Where Can I Find Replacement Parts To Repair My Vintage Petrol Lighter?

With the exception of Zippo lighters and possibly a few other notable brands, the vast majority of vintage lighters are no longer being manufactured. With plenty of them still being carried for everyday use and others seeking repair so that working examples can be displayed in lighter collections, many lighter enthusiasts find themselves asking, “Where can I find replacement parts to repair my vintage petrol lighter?” This article will discuss proven methods for sourcing replacement parts and perhaps suggest a couple others.

What You Need?

It would be nice if anytime an old petrol lighter quit working correctly, the owner could simply package up the lighter and send it back to the manufacturer who would put the lighter back into working order(per their product warranty) and get it back to the owner ASAP. This is exactly the way that the Zippo Manufacturing Company continues to operate just as they have since they established their “It Works Or We Fix It Free” slogan way back in the 1930s.

While there may still be another company or two that can currently uphold their product warranty or supply replacement parts to those needing parts to repair a lighter, the vast majority of companies that produced and guaranteed petrol lighters in days gone by have not only gone out of business but often times seem to have taken all evidence they ever existed with them as they faded.

My friend Donald Hein who runs the website lighterfix.dk for instance, has mentioned correspondence with the current iteration of the Ronson company that exists in Europe and his frustration with their inability to supply much newer parts that he needs to repair certain butane lighters that have been produced more recently. So even companies that still exist in one form or another aren’t typically able to help with parts for petrol lighters that ceased production decades ago.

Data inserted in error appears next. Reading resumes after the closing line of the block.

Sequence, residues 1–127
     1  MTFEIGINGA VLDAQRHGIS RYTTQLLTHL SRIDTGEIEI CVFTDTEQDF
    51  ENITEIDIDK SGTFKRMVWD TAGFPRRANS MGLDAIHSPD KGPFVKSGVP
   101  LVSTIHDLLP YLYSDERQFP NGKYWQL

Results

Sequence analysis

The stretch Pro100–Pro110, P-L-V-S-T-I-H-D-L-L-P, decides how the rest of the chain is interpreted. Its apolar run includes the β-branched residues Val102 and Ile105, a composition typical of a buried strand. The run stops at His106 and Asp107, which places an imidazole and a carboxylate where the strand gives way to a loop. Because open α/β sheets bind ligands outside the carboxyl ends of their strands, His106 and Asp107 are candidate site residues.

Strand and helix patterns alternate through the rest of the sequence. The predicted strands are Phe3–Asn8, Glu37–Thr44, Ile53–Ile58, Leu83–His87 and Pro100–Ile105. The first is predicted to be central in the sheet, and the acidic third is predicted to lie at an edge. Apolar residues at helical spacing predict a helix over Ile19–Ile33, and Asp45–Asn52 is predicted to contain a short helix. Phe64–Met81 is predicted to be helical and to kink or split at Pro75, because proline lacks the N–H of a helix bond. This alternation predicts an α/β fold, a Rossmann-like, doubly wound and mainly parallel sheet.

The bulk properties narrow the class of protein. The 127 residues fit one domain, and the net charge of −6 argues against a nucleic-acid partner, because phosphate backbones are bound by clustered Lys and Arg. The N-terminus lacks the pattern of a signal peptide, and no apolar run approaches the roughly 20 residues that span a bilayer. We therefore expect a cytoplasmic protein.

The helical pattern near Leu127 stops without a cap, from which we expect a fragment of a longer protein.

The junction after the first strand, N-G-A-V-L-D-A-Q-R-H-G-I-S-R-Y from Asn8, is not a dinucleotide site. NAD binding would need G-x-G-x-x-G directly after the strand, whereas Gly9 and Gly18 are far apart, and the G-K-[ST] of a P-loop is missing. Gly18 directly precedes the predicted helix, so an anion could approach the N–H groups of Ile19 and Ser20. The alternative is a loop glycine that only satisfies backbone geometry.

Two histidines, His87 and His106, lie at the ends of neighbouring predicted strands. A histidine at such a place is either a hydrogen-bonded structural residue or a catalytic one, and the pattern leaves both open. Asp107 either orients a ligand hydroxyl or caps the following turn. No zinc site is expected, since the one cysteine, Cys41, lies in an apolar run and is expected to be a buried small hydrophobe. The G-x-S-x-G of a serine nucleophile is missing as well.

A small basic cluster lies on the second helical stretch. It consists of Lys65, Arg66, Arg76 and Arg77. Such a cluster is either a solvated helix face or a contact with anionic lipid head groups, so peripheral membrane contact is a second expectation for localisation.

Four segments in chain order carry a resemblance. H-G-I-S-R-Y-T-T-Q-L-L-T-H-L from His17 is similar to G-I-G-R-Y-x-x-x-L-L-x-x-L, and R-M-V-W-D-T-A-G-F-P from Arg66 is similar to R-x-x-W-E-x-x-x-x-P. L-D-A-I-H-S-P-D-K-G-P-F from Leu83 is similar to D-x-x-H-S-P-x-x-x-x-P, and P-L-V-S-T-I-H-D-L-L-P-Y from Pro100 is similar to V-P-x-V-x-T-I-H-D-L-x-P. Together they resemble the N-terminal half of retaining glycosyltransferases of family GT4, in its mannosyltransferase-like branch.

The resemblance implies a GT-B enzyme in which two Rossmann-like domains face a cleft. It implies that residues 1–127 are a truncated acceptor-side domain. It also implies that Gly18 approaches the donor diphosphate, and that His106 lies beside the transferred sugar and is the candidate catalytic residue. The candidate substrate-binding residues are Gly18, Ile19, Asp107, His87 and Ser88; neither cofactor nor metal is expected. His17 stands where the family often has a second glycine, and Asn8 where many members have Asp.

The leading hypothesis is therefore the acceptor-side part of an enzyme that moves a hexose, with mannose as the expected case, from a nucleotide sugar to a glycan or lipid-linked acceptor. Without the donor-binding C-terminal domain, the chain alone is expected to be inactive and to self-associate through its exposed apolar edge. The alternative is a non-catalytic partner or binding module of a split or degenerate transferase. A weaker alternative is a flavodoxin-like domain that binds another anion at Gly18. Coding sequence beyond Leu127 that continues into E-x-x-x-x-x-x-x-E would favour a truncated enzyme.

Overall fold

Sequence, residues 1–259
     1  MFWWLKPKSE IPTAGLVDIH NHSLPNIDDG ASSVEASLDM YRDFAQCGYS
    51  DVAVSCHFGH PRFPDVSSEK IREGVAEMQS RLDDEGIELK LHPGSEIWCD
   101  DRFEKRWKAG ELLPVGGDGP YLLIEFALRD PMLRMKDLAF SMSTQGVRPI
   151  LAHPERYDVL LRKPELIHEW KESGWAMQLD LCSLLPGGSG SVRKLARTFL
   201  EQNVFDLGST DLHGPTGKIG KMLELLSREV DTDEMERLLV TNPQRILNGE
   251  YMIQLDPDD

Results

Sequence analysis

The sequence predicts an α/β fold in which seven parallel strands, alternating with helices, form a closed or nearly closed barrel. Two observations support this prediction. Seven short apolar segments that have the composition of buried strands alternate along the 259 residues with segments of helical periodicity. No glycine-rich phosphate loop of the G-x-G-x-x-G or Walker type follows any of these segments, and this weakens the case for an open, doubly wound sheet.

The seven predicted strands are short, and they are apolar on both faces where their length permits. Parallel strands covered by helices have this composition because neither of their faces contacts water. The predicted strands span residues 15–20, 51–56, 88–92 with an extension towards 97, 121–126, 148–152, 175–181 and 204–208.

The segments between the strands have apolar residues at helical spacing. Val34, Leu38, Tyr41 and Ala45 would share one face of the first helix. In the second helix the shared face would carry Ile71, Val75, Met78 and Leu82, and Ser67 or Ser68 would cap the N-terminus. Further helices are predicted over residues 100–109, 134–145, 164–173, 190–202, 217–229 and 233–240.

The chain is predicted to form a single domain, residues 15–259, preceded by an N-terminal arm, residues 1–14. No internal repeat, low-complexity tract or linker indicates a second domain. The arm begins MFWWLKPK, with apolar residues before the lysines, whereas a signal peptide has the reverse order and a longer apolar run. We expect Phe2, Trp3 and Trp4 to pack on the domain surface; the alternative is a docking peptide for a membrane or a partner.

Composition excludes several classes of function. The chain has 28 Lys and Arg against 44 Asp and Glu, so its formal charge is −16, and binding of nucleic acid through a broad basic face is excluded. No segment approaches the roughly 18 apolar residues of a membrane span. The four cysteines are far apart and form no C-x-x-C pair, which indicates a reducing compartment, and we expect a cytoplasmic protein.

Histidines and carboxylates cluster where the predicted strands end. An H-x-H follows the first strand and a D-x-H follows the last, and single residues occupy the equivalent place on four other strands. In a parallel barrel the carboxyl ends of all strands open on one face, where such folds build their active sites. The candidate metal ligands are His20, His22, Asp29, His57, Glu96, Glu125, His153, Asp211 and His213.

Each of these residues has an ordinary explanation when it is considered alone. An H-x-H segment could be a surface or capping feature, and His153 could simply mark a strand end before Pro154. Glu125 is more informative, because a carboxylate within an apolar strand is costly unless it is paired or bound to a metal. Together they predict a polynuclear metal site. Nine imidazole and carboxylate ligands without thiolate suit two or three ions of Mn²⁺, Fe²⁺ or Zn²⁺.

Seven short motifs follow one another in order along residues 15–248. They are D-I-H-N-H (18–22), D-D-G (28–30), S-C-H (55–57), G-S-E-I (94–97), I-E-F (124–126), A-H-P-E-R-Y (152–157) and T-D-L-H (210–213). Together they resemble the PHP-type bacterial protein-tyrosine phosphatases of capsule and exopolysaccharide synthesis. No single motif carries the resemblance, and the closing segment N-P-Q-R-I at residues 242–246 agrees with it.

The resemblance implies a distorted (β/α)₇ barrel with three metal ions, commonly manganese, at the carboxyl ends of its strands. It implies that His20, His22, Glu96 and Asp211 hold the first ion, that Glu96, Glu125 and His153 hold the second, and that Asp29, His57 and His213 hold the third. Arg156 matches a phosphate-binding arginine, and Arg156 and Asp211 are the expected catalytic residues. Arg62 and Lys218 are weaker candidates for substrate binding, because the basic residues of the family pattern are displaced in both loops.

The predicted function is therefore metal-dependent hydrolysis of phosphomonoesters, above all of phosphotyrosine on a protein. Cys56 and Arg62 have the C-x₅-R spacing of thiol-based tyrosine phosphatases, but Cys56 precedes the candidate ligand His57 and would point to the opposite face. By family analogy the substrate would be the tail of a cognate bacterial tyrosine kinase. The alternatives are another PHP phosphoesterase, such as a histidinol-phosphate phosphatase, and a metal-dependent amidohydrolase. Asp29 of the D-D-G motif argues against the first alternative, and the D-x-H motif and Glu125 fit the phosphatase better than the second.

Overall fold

Keep Checking Those Auctions

If the companies that produced the lighters in the first place are no help then where is a vintage petrol lighter enthusiast to turn when they need a new file wheel in their Evans Spitfire because the original has been worn smooth or a long-lost fuel screw needs replaced to make a Ronson lighter whole again?

Caches of old parts do show up on Ebay from time to time so that is always worth keeping an eye open for. There are many old parts kits available for Ronson lighters especially and you just never know exactly what kind of lot of old lighter parts may show up.

The easiest and most common way to acquire any parts needed for vintage petrol lighter repair is to purchase an identical or similar donor lighter to rob the parts off of. Enthusiasts who find themselves needing parts often, may even develop a parts “clinic” of sorts where they accumulate and curate an assortment of parts to have continuously on hand.

So while it may seem obvious and there’s really no secret or tricks of the trade to be employed, the most common way to acquire the parts needed to repair your old lighter is to buy a cheap example on Ebay that contains the specific part you need. Over time, perhaps you’ll even develop your own parts clinic from which you can supply parts to other shade tree lighter mechanics(more on this in the Kindness Of Strangers section below.)

Scour Local Spots

I think many people would be surprised about the number of vintage lighter replacement parts they can find local to them if they just familiarize themselves with what’s available at local vintage malls, flea markets and antique stores. Keep in mind these parts will not likely be salvaged and cataloged like the parts an automotive supply company has available for cars but more like the pull-a-part salvage model where you will need to extract them yourself.

A couple yrs ago I was in need of a replacement file wheel for a Thorens Double Claw that I found in good order save for a lug missing from one spot on the wheel. I knew where there was a Double Claw that needed some work and thought I might be able to make a deal on it and rob the file wheel from it but when I went to check it out again it was gone.

I put out some feelers via social media(again, we’ll talk about this phenomenon below in just a moment) but didn’t get any bites, so began to check the local spots that I know contain lighters even if I had no reason to believe I’d find a Thorens or the part I needed. I just happened to walk in one of my favorite local antique shops that has a display of old lighters that the vendor keeps somewhat rotated fresh and not only spotted a Double Claw table lighter that contained the file wheel I needed but the whole booth was marked at fifty percent off!

The Kindness Of Strangers